3. Eight deep breaths from FRC within 60 s using an oxygen flow of 10 l/min.

An adult Mapleson D circuit, with a 2-l capacity reservoir bag, was used for all techniques of preoxygenation. A 500-ml wide-bore tubing separates the face mask from the bag; the oxygen flow is delivered at the proximal end of the tubing near the face mask; and the exhalation valve is located at the distal end near the reservoir bag. Before preoxygenation, the reservoir bag was filled to capacity by occluding the mask opening with the palm of the hand. Patients were preoxygenated with a properly sized, tight-fitting anesthesia mask to prevent air leaks. These preoxygenation techniques were performed in a random order. Randomization was performed through a blinded pick from among five identical coins, each labeled according to one of the five preoxygenation techniques. A 5-min period of room air tidal volume breathing was allowed before each preoxygenation technique to ensure return of the arterial oxygen tension to its baseline value. An arterial blood sample was obtained before and after each preoxygenation technique and was analyzed for PaO2(Radiometer ABL3, Copenhagen, Denmark).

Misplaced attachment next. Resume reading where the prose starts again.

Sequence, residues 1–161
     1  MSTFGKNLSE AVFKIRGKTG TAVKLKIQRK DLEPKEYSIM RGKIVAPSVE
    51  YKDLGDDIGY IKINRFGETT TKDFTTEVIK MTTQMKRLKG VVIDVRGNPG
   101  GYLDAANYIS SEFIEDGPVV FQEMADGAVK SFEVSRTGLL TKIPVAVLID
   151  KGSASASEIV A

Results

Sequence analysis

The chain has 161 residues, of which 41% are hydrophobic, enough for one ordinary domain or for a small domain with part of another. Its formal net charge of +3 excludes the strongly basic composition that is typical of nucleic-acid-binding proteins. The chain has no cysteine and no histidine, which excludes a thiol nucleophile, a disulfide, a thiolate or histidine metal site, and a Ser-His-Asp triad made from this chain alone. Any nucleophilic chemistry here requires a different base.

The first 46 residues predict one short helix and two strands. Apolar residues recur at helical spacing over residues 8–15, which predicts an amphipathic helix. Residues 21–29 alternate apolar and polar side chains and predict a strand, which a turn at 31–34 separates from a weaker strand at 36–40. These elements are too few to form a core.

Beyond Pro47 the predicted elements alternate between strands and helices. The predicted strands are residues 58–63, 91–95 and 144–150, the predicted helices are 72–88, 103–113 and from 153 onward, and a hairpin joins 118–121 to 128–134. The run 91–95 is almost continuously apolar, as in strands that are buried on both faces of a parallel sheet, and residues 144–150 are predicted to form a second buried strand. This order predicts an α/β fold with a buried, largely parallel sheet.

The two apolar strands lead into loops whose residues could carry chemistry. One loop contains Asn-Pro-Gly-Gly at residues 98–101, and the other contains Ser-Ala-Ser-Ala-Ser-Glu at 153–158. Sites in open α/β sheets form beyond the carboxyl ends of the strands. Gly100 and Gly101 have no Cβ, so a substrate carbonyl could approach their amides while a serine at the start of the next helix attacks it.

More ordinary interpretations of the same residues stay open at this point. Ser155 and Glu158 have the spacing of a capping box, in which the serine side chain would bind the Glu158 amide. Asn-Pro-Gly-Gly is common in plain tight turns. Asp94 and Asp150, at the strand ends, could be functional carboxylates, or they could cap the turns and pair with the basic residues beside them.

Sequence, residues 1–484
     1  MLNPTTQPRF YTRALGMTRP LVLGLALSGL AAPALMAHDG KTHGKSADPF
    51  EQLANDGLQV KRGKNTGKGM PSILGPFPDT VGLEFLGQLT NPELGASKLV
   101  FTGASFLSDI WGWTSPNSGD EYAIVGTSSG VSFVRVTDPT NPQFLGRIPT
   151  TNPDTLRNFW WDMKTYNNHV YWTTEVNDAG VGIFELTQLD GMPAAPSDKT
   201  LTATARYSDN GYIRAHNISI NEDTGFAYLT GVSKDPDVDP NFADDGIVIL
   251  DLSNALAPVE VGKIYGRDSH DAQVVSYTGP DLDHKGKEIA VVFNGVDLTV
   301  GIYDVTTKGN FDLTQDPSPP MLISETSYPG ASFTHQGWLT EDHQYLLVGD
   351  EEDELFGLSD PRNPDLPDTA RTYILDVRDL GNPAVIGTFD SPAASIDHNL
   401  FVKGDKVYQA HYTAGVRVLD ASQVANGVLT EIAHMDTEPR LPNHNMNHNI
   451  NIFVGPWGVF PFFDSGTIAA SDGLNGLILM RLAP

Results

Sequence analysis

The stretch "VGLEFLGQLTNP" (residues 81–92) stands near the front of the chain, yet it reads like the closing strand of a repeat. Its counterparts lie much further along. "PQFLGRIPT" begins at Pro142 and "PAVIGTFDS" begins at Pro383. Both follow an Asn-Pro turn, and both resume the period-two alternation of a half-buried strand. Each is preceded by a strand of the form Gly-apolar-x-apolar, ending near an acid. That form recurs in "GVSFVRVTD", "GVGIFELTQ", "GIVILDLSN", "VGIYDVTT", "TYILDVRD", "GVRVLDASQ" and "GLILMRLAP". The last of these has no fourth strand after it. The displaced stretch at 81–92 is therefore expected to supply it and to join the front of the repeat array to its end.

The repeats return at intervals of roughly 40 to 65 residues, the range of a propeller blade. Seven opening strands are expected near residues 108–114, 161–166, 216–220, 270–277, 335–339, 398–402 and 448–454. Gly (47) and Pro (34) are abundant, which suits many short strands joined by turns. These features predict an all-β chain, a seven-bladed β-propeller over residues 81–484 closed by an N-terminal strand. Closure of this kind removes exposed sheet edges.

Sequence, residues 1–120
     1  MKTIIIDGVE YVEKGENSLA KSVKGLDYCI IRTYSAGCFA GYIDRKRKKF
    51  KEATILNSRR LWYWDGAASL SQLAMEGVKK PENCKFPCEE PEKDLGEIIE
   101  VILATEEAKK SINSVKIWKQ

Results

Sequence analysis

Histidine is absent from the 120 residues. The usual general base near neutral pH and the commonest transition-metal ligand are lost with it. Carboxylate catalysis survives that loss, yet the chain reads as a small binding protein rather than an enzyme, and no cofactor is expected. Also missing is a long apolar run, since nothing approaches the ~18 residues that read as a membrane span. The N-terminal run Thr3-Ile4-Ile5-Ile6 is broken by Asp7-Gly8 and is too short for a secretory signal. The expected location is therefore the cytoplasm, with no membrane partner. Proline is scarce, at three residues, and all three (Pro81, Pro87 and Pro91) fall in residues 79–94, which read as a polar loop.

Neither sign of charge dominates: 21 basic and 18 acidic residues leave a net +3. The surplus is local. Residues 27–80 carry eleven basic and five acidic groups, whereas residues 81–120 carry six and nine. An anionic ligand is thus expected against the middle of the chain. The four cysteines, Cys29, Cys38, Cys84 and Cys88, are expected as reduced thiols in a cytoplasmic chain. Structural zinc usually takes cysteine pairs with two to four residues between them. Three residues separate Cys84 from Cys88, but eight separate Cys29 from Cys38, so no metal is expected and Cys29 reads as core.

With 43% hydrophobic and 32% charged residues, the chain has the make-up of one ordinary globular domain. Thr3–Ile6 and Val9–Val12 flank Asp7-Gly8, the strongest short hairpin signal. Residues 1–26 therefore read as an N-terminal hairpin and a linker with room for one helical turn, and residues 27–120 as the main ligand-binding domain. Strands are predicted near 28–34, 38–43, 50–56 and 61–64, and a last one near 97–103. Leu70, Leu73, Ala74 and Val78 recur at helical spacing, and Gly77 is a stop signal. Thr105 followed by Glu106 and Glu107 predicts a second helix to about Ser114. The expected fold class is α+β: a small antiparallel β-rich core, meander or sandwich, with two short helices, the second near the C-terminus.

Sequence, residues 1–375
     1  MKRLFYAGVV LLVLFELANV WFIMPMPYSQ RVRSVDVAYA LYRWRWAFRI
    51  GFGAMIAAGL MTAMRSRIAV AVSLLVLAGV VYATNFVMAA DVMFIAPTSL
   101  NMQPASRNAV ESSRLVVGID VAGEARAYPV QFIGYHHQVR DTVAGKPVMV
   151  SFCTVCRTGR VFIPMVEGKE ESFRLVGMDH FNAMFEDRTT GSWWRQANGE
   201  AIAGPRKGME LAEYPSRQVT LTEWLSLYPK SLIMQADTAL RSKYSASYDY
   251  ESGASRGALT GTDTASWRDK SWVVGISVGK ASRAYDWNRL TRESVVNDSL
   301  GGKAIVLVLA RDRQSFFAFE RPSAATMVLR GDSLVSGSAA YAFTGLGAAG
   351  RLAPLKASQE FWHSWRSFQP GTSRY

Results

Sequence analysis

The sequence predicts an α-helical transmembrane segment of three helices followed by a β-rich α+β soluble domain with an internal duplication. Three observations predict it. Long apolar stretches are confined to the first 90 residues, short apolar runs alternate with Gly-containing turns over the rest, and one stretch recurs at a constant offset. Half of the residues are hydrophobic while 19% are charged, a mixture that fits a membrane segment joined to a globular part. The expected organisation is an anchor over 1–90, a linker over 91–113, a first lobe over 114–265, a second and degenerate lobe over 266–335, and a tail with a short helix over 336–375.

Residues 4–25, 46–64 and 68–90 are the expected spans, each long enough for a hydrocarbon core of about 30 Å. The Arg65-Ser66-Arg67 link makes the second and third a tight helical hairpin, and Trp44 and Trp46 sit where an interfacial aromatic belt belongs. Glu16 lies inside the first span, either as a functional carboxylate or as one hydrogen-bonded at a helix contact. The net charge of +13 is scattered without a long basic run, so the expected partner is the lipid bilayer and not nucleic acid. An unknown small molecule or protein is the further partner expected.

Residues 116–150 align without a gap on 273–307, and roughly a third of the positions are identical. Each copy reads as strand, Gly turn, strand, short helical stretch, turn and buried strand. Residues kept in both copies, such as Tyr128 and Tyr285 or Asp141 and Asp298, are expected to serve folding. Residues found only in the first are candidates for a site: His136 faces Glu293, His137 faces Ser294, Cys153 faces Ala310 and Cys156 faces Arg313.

Group B 
The 24 patients were randomly divided (similarly to group A) into three subgroups who underwent one of the following preoxygenation techniques:
  1. The traditional preoxygenation technique, which consists of 3 min of tidal volume breathing using an oxygen flow of 5 l/min;

  2. Four deep breaths within 30 s using an oxygen flow of 5 l/min;

  3. Eight deep breaths within 60 s using an oxygen flow of 10 l/min.

The details of the preoxygenation technique and the breathing circuit used were similar to those described for group A. At the end of the preoxygenation procedure, an arterial blood sample was withdrawn and PaO2was determined.